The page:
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[casi] Behind pro-war protests, a company with ties to Bush



New York Times

Paul Krugman: Behind pro-war protests, a company with ties to Bush

Paul Krugman
Wednesday, March 26, 2003

Channels of influence

NEW YORK By and large, recent pro-war rallies haven't drawn nearly as many
people as anti-war rallies, but they have certainly been vehement.

One of the most striking took place after Natalie Maines, lead singer for
the Dixie Chicks, criticized President George W. Bush: A crowd gathered in
Louisiana to watch a tractor smash Dixie Chicks CDs, tapes and other
paraphernalia. To those familiar with 20th-century history it seemed eerily
reminiscent of ... But as Sinclair Lewis said, it can't happen here.

Who has been organizing those pro-war rallies? The answer, it turns out, is
that they are being promoted by key players in the radio industry - with
close links to the Bush administration.

The CD-smashing rally was organized by KRMD, part of Cumulus Media, a radio
chain that has banned the Dixie Chicks from its playlists. Most of the
pro-war demonstrations around the United States have, however, been
organized by stations owned by Clear Channel Communications, a behemoth
based in Texas that controls more than 1,200 stations and increasingly
dominates the airwaves.

The company says the demonstrations, which go under the name Rally for
America, reflect the initiative of individual stations. But this is
unlikely: According to Eric Boehlert, who has written revelatory articles
about Clear Channel in the online magazine Salon, the company is
notorious - and widely hated - for its iron-fisted centralized control.

Until now, complaints about Clear Channel have focused on its business
practices. Critics say it uses its power to squeeze recording companies and
artists and contributes to the growing blandness of broadcast music. But
now the company appears to be using its clout to help one side in a
political dispute that deeply divides the United States.

Why would a media company insert itself into politics this way? It could
simply be a matter of personal conviction on the part of management. But
there are also good reasons for Clear Channel - which became a giant only
in the last few years, after the Telecommunications Act of 1996 removed
many restrictions on media ownership - to curry favor with the governing
party.

On one side, Clear Channel is feeling some heat: It is being sued over
allegations that it threatens to curtail the airplay of artists who don't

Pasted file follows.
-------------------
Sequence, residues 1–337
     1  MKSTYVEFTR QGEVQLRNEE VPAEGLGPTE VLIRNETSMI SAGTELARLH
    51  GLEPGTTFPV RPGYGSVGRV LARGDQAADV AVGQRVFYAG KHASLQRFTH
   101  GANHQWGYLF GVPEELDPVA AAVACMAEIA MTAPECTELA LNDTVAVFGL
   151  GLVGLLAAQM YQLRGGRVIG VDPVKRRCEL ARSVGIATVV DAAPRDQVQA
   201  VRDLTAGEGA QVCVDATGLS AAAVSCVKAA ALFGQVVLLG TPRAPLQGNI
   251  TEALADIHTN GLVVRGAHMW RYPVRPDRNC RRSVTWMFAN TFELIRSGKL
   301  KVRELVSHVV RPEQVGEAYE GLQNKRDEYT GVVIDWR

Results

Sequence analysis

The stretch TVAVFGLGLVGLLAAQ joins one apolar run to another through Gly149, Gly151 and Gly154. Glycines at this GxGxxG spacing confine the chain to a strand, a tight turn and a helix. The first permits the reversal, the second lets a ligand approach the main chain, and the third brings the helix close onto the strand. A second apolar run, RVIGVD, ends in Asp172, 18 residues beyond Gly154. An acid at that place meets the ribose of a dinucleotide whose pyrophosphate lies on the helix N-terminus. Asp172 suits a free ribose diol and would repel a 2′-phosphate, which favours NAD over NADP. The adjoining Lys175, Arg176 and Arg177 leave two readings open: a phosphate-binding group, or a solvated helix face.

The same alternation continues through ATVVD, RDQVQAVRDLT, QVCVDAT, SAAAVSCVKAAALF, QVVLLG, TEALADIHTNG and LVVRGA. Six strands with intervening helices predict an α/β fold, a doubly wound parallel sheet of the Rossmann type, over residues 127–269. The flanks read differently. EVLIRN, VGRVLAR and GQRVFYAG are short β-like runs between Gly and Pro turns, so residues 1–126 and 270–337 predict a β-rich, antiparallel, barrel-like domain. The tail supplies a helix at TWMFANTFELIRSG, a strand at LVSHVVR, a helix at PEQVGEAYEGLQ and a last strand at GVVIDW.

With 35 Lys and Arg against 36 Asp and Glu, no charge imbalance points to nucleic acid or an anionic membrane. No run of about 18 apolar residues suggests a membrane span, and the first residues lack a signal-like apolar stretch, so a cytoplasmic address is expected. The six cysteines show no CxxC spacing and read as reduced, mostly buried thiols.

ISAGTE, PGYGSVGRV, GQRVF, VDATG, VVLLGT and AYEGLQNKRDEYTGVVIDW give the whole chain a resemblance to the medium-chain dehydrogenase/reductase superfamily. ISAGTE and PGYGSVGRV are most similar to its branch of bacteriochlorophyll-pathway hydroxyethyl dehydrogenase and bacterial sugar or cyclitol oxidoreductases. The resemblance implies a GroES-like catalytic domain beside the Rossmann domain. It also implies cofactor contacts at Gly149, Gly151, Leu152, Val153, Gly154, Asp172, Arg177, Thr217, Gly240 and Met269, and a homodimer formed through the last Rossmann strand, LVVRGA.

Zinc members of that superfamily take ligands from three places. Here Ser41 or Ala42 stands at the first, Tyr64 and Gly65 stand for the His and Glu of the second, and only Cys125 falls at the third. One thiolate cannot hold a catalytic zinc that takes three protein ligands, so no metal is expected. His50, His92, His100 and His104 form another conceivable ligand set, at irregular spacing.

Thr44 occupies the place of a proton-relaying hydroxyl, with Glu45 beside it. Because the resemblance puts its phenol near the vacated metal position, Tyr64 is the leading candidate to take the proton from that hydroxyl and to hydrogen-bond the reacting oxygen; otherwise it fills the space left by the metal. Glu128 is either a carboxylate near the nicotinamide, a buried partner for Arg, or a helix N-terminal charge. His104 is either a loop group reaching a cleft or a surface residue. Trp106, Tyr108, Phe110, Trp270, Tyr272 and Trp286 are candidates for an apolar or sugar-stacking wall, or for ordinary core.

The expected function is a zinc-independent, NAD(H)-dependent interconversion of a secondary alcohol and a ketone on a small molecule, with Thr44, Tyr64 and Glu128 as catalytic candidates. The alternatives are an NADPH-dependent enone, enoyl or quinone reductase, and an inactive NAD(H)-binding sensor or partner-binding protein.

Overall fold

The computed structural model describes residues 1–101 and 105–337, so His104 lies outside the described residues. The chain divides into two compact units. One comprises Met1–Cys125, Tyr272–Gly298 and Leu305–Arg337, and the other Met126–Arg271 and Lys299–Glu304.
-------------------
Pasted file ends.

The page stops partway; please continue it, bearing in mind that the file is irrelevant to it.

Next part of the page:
tour with its concert division, and there are even some politicians who
want to roll back the deregulation that made the company's growth possible.
On the other side, the Federal Communications Commission is considering
further deregulation that would allow Clear Channel to expand even further,
particularly into television.

Or perhaps the quid pro quo is more narrowly focused. Experienced
Bushologists let out a collective "Aha!" when Clear Channel was revealed to
be behind the pro-war rallies, because the company's top management has a
history with George W. Bush. The vice chairman of Clear Channel is Tom
Hicks. When Bush was governor of Texas, Hicks was chairman of the
University of Texas Investment Management Co., called Utimco, and Clear
Channel's chairman, Lowry Mays, was on its board. Under Hicks, Utimco
placed much of the university's endowment under the management of companies
with strong Republican Party or Bush family ties. In 1998 Hicks purchased
the Texas Rangers in a deal that made Bush a multimillionaire.

There's something happening here. What it is ain't exactly clear, but a
good guess is that we're now seeing the next stage in the evolution of a
new American oligarchy. As Jonathan Chait has written in The New Republic,
in the Bush administration "government and business have melded into one
big 'us.'" On almost every aspect of domestic policy, business interests
rule: "Scores of midlevel appointees  now oversee industries for which
they once worked." We should have realized that this is a two-way street:
If politicians are busy doing favors for businesses that support them, why
shouldn't we expect businesses to reciprocate by doing favors for those
politicians - by, for example, organizing "grass roots" rallies on their
behalf?

What makes it all possible, of course, is the absence of effective
watchdogs. In the Clinton years the merest hint of impropriety quickly blew
up into a huge scandal; these days, the scandalmongers are more likely to
go after journalists who raise questions. Anyway, don't you know there's a
war on?

E-mail: krugman@nytimes.com




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